It is not yet time to celebrate the mere acknowledgement of wartime sexual violence in international law. Greater emphasis on breaking down institutional socio-economic gender inequality in peacetime society is vital and support must be provided for victims of such violence regardless of the broader circumstances. To do so, we can support initiatives such as GAPS, which provides consultations on how governments and organisations can fulfil their gender equality commitments. We must increase accountability for governments, and support groups such as End Violence Against Women Coalition, which lobbies the UK government to improve policy around violence against women. International law has the potential to be a powerful force for punishing perpetrators of wartime sexual violence, but it must work in tandem with other initiatives. Regardless of whether the abuser is held to account in a court of law, victims still suffer long-term physical and psychological consequences such as PTSD, depression and the transmission of HIV/AIDS.

Hosting a Chai Day is a way that you can take part in efforts to raise funds to support projects working to end violence against women and ensure that survivors are provided with the services and support they may require.

This article was written by Iona Cable. Iona is currently doing an MSc in Human Rights at the LSE, with a specific interest in gender and international law. She has experience in human rights organisations and undertook a project this summer researching how NGOs in the field work to tackle gender-based violence and post-conflict reconstruction. She also works for a London-based charity which seeks to improve social mobility by teaching key employability skills in schools.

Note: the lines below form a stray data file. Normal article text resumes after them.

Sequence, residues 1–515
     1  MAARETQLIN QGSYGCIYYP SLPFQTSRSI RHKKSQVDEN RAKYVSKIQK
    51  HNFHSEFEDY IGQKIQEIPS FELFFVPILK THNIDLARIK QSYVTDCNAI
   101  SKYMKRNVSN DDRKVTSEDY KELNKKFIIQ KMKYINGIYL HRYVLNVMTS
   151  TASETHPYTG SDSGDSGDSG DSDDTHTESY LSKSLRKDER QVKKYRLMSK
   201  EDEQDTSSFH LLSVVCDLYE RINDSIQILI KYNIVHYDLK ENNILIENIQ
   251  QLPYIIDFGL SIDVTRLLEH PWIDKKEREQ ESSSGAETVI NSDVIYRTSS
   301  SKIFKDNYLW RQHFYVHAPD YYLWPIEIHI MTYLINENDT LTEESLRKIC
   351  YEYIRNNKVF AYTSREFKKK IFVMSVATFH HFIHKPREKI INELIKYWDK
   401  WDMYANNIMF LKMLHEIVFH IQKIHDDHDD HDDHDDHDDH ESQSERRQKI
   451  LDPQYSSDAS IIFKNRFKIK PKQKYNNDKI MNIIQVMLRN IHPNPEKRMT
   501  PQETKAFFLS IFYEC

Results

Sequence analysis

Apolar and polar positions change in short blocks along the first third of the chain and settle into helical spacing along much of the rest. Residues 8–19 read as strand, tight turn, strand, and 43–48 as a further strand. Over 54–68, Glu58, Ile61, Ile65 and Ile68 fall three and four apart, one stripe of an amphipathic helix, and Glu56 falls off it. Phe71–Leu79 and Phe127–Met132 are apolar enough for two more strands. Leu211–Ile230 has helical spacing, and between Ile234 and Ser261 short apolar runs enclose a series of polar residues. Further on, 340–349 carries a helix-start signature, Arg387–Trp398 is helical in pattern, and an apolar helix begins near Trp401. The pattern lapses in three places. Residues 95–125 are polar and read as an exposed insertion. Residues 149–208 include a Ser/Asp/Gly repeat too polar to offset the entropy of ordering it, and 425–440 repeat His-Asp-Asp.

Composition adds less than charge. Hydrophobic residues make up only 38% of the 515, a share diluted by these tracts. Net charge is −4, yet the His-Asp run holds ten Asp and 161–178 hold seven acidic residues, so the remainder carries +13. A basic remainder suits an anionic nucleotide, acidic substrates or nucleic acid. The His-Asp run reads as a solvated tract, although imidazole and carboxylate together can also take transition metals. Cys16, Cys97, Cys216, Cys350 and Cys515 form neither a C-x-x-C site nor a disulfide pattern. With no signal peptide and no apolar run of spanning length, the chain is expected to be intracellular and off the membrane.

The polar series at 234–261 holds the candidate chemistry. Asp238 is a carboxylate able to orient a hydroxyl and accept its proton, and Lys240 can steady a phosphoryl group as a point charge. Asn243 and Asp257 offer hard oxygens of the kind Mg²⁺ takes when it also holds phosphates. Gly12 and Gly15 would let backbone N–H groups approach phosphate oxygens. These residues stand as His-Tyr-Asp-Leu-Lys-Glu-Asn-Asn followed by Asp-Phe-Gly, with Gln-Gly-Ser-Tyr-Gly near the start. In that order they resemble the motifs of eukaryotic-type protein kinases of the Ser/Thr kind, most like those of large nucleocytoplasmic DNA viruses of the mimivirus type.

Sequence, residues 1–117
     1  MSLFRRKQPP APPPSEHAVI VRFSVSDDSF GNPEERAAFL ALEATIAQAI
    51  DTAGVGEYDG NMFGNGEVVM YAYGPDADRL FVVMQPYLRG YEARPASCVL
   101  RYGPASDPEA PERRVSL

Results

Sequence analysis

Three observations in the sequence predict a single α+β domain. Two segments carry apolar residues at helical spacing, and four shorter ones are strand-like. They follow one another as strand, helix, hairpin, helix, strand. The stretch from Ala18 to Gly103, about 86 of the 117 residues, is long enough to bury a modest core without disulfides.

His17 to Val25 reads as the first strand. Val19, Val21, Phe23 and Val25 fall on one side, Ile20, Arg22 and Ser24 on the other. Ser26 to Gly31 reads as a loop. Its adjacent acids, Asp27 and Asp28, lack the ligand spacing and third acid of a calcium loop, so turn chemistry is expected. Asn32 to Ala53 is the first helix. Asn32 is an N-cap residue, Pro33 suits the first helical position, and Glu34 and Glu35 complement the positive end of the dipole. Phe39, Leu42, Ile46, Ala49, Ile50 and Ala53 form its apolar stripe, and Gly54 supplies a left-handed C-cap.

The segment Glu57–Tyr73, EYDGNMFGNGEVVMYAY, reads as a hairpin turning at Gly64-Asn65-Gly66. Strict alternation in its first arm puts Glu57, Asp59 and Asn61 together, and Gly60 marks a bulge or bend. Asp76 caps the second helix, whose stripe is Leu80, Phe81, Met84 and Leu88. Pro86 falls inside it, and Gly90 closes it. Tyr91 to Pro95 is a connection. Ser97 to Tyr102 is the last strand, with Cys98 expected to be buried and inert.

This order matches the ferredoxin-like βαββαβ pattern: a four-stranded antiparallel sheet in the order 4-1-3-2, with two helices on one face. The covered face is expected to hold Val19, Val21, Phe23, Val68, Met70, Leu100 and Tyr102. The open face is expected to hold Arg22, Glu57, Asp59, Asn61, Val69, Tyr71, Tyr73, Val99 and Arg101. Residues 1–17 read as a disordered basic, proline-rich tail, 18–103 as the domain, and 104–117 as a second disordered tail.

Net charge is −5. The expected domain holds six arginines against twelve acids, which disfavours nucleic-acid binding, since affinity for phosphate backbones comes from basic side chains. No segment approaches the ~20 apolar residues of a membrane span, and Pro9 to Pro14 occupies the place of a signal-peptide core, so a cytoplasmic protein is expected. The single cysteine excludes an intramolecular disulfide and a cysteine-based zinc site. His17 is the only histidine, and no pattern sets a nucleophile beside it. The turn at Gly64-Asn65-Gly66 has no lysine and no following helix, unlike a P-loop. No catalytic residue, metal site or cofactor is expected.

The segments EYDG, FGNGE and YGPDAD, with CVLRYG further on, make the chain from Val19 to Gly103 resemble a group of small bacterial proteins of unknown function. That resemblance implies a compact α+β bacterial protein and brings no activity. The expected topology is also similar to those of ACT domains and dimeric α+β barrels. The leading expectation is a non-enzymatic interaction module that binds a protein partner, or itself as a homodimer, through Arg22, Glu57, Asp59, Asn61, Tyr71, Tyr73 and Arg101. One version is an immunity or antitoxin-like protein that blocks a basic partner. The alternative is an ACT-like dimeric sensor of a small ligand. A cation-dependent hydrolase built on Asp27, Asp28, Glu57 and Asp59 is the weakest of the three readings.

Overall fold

[1] Brownmiller, Susan “Against Our Will: Men, Women and Rape”, Bantam Books (1975), p15

[2] Crawford, Kelly “From Spoils to Weapons: Framing Wartime Sexual Violence” in Gender and Development Vol 31 No 3 (2013), p511

[3] United Nations, Commission of Experts Established Pursuant to SCR 780 S/25274 (1992), p16

[4] United Nations Convention on the Prevention and Punishment of the Crime of Genocide, Article II (1951)

[5] Skjelsbaek, Inger “The Elephant in the Room: An Overview of How Sexual Violence Came to be Seen as a Weapon of War” Report to the Norwegian Ministry of Foreign Affairs (2010), p2


An Evening of Music and Conversation: in the Media

“Western feminists must wake up and realise that feminism is a global concept. We must change attitudes and behaviours when it comes to sexual abuse, domestic abuse, sexual violence and rape”